Tony Jackman
Tony Jackman

Black and white and seeing red all over

At first, having returned to Cape Town after years away, I saw red when I saw all the white faces in restaurants and theatres. Where was the real change so many years after 1994? But then I read Sandile Memela’s diatribe against “white” theatre at the Cape, and I started to think.

When Memela writes of the need for transformation in the theatre in the Western Cape in particular, his observation is accurate, as far as I can see. There seems to be only a small percentage of the general audience that is not white. But what does he mean when he urges transformation? Must theatre managements have colour quotas? And if, say, the norm became to mount productions in which roughly half of the cast were white and the other half black, what then of the audience? If still mostly white people pitched up to pay to see the show, would those people somehow be out of line? Or is the potential black theatre audience out of line for … well, seemingly having no interest whatsoever in theatre regardless of whether the lead actor is Susan Jones or Vusisizwe Ngwema? Anyway, it may be more about economics than taste, given that it will take many more years for the earning powers of blacks and whites in Cape Town to achieve parity. This never was going to happen overnight.

But even if 50% of Capetonians had the same earning power as many white people have enjoyed for decades, would they go to the theatre in any significant numbers? This is untestable, but it would be useful to this debate to have an answer. So, when somebody attacks “whites” for “not transforming” by going to the kinds of restaurants or theatres they like to go to, what are they accused of? Are they responsible for the fact that few black Capetonians seem to have much interest in the theatre? Are they accused of keeping restaurant prices high to keep out the “riff-raff”? Is that why a steak costs hardly less than R150 these days? I could name any number of restaurants whose doors are open to all (of course) but who mostly only get bookings from white people.

Why must the restaurant “transform” if they’re hitting the market of a particular demographic and thereby making a living? If theatres are 90% or more full of “white people”, why must the theatre management “transform”? And how would they do this? Should they refuse to raise the curtain if a colour quota has not been reached? Must people of other races be bussed in? Must people of one culture be persuaded to attend a show in which they have no interest? Must theatres refuse to mount plays by, say, Noel Coward, Harold Pinter or Terrence Rattigan, in which the cast are inevitably white folk? Is it undemocratic to want to watch performances of the works of some of the 20th century’s greatest playwrights, so many of whom were white and who wrote about people from their own communities who, yes, were white?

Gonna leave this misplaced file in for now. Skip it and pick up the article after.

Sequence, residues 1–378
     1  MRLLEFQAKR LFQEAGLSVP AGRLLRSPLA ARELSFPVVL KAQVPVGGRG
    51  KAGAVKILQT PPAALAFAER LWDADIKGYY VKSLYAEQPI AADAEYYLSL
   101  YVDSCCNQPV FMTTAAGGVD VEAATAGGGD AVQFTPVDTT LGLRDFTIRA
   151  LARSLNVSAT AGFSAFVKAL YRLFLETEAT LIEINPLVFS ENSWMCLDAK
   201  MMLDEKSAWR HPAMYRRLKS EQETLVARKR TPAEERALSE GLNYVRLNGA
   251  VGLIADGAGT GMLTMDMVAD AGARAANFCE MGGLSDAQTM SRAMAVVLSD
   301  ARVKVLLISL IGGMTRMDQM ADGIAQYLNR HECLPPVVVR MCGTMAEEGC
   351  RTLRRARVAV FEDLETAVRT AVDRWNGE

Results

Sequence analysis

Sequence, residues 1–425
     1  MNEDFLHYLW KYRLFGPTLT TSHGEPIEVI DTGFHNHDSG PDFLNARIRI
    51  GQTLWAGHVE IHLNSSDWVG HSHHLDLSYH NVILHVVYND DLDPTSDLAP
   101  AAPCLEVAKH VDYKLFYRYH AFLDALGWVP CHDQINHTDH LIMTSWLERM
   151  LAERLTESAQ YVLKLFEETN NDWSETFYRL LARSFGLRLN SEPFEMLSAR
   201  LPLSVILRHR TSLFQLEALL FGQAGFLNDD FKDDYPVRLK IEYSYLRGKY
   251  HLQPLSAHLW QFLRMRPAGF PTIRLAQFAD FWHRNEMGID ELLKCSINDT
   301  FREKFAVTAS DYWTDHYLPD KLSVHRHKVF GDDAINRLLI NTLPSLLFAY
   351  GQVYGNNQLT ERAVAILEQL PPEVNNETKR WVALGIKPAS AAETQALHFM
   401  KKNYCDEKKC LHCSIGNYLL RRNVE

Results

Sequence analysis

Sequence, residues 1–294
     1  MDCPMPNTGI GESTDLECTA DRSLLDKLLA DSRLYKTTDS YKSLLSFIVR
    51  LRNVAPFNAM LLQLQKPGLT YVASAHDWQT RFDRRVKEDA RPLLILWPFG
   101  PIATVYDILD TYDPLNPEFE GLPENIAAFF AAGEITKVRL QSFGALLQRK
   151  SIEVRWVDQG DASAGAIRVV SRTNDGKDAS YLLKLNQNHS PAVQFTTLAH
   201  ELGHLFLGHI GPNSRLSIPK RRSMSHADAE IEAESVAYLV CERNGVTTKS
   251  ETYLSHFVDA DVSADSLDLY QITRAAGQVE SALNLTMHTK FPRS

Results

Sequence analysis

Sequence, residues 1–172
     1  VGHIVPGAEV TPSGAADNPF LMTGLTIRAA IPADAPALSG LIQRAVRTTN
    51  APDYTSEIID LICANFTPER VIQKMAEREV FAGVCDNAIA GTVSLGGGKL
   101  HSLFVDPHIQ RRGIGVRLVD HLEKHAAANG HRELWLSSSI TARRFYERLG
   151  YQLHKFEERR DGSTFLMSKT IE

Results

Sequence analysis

And where are middle-class black and coloured couple going when they eat out? Dare one suggest the Spur? And a steak at the Spur ain’t cheap. So, erm … is the lesson here not that it’s mostly gullible whiteys who’re suckered by all that poncy, pretentious stuff about something being nestled on a bed of something else before being drizzled on? There are times, let me tell you, when I’m in one of those fine dining establishments and my wife and I look at each other and say, “maybe we should have gone to the Spur”. Because often the fare just ain’t up to either the price tag or all the pretentious crud that goes with it, and at the Spur you know exactly what you’re getting for your buck.

Maybe there’s a lesson in this, for poncy whiteys, in getting back to basics. BUT there is a clear market for the pretentious stuff, so … why the hell shouldn’t they have it if that’s what they want? Hard-won democracy grants you and me the freedom of association, the freedom to make our own choices. The Spur or the Nellie, which is it? Honey, they’re equally valid in law. And it’s only food.
Personally, I’d prefer to be in a restaurant or a theatre where there was a world of different kinds of people, different cultures, different colours, and I believe that the Cape Town restaurants and theatres of 10 years time will have a much broader palette than they do now, because we have a new generation of kids of my daughter’s age who will be in their 30s by then and they’ll be going out and about as we do now. They’re the wonderfully blessed generation who were tiny tots when democracy arrived. They’ve been to school together, shared books and teachers and lives. That is where the real change is happening — these Model C kids even have their own New South African accent, haven’t you noticed? There’s a whole new future up ahead, and it doesn’t even sound the same. Can’t wait.